The kiddushof Christmas

November 24, 2016 23:21

Oh, to have been inspired to write I Wish it Could Be Christmas Every Day. Every time I hear that song, I can't help but think of the ker-ching of Noddy Holder's bank balance. Not that I begrudge the Slade front-man one ha'penny of his royalties since I absolutely love this slice of brassy Yuletide pop.

I feel the same way about all those selection boxes lining supermarket shelves and the baubles and tinsel festooning twinkly shop windows. I even rather like the fact that, in my home town of Manchester, the centre is heaving with festive stalls selling hog roast. You see my name is Angela, and I'm a nice Jewish girl who loves… LOVES… Christmas.

Now hold on there, Rabbi. I'm not saying that we have a tree in our lounge. Anyway, you know how we Jews can't do minimalist… where on earth would we put it? And the pine needles must be murder on the Dyson. But I love being a bystander, drinking in the sights, sounds and smells of Christmas without a twinge of discomfort about the fact I was born under a different star.

From carol singers chirruping under street lamps, to the "ho ho homes" that dazzle with illuminated deer clinging to stone cladding. I just can't get enough.

Then there's the food. In my book, you simply can't beat a crisply roasted turkey with all the trimmings. Thank goodness my local kosher restaurant fields a "festive menu" every year. Though, sadly, the patron has yet to dish up an alternative to "angels on horseback" (that's a sausage draped in, oy, a piece of bacon, and often used to accessorise the big bird).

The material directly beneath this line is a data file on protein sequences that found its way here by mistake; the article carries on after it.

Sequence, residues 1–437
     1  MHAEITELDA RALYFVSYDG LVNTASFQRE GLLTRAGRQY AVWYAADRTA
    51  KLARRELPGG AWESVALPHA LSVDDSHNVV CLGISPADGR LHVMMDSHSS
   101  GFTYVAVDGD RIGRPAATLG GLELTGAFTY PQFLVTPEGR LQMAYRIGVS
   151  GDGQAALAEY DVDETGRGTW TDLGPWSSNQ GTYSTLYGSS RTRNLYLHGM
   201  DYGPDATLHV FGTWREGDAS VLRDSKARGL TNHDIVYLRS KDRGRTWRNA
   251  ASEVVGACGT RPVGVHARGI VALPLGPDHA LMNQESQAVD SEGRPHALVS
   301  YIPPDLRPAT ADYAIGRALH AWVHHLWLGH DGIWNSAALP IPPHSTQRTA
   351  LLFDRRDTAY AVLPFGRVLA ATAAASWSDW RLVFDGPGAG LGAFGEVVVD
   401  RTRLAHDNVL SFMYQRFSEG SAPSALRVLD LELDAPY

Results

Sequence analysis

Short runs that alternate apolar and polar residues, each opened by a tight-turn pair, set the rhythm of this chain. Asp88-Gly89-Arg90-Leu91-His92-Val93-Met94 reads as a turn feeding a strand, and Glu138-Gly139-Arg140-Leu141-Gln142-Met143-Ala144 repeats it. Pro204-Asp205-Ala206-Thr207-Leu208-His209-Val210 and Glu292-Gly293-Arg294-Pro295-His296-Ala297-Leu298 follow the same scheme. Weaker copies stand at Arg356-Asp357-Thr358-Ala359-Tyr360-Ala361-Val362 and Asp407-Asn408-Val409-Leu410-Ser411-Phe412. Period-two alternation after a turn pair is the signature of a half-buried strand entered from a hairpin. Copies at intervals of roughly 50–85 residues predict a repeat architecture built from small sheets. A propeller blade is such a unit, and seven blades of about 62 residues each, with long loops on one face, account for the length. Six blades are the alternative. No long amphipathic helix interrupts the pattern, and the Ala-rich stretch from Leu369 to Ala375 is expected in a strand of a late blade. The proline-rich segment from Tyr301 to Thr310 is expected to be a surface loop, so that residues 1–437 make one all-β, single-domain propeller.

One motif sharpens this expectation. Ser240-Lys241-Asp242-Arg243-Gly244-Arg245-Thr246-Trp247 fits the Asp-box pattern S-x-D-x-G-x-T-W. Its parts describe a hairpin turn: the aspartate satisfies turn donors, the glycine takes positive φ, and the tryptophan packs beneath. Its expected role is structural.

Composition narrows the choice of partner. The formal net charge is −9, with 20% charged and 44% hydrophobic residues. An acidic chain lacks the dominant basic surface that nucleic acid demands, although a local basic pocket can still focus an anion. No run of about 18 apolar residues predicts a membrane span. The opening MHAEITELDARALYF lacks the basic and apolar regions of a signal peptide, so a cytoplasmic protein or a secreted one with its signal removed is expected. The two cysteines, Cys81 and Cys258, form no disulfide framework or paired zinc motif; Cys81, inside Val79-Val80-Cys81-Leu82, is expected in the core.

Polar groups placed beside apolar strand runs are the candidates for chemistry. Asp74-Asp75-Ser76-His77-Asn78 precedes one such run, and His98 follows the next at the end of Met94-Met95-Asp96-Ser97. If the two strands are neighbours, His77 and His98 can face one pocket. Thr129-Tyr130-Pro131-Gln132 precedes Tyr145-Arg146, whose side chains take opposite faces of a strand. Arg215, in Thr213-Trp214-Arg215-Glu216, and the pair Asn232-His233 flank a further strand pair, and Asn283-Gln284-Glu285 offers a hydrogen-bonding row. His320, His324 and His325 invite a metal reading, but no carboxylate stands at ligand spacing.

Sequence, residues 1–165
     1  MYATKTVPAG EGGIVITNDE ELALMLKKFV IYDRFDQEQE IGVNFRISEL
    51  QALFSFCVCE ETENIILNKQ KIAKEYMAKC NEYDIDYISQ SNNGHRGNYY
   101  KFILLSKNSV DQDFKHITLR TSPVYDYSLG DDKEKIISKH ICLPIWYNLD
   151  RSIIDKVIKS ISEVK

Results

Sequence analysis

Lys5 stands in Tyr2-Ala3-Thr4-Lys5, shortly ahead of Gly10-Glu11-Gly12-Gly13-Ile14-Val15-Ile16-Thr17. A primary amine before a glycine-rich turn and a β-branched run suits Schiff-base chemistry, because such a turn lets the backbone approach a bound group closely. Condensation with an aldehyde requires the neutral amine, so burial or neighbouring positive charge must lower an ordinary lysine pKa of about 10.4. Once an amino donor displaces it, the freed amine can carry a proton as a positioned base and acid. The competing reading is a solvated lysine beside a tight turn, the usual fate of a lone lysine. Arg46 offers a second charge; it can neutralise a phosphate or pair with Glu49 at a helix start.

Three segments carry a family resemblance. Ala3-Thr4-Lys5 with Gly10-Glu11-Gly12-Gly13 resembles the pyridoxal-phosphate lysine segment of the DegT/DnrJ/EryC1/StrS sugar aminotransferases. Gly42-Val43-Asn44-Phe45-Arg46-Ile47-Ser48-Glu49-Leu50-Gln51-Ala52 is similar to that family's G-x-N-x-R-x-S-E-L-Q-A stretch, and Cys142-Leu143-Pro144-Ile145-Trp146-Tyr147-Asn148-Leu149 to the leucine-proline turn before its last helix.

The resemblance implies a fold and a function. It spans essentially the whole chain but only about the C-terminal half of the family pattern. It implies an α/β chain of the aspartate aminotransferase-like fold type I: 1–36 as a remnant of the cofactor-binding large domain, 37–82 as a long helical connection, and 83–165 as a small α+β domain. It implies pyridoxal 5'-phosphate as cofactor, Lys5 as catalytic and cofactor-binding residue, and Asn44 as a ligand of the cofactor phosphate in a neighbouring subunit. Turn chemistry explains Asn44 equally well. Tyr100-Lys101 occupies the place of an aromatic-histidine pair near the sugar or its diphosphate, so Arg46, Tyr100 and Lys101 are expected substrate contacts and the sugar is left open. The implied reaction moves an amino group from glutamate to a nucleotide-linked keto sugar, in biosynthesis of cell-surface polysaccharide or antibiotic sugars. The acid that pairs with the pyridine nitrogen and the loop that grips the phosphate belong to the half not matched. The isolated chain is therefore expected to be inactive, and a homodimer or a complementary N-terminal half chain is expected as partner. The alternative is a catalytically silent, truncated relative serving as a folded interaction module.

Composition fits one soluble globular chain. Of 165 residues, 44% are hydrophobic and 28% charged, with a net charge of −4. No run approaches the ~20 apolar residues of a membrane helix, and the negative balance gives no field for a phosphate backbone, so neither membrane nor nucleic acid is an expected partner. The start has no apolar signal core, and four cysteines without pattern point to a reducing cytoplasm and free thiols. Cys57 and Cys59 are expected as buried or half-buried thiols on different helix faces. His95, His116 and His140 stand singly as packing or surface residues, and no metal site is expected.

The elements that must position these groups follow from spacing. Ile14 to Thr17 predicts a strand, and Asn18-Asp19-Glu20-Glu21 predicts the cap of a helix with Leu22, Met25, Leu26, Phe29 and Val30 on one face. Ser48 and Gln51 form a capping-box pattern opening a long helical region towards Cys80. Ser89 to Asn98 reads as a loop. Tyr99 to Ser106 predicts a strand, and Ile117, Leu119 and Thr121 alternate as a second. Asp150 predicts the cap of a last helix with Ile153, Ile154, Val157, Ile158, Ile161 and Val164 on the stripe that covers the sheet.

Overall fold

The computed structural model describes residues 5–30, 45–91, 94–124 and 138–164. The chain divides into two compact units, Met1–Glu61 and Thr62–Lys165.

As Jews, we might not celebrate Christmas as such but, as citizens of this country, the Christmas spirit is something we can enjoy from the touchline. Unapologetically. I know some Jewish people get a little shirty on this subject. They avert their gaze at the mention of the C word and mumble something about it not being what we do. But to act this way is deeply troubling and potentially corrosive.

Surely it's the ultimate Kiddush Hashem - technically defined as behaviour which sanctifies God's name and which puts Jews in a good light - to show our non-Jewish compatriots that we acknowledge and rejoice in their celebration, even if we don't take part ourselves.

What's more, to be a British Jew who overtly enjoys Christmas as a spectator sport demonstrates how we respect this country's national identity. That we don't clamour to see British tradition diluted by those PC-blinkered libertarians who roar that Christmas should be non-denominational and that Eid or Diwali deserve equal billing.

I'm all for multi-culturalism as a mechanism through which diverse communities can learn how to understand and respect each other. But, this is not a Jewish state. And just as we don't expect shops to close on Saturday, nor should we show any attempt to foist our cultural imperatives on the wider community. There is no parity between a latke and mince pie.

And look at the net benefit. Rather than turn away, isn't it better to see Christmas as a quasi-Jewish holiday without the onerous bits. A time for family get togethers and slap up dinners without having to spend hours in shul. I mean, face it. After the big Rosh Hashanah feed, even if you're not observant, it doesn't feel right to fall comatose on the sofa in front of the Bond film.

So ring those bells, and spin some Slade. Don't just tolerate, celebrate. Merry Chanucah!

November 24, 2016 23:21

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